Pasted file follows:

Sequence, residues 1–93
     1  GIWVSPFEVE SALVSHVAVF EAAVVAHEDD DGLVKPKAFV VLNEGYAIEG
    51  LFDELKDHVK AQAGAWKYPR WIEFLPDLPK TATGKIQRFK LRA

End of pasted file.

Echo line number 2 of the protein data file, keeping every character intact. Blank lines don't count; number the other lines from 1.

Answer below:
     1  GIWVSPFEVE SALVSHVAVF EAAVVAHEDD DGLVKPKAFV VLNEGYAIEG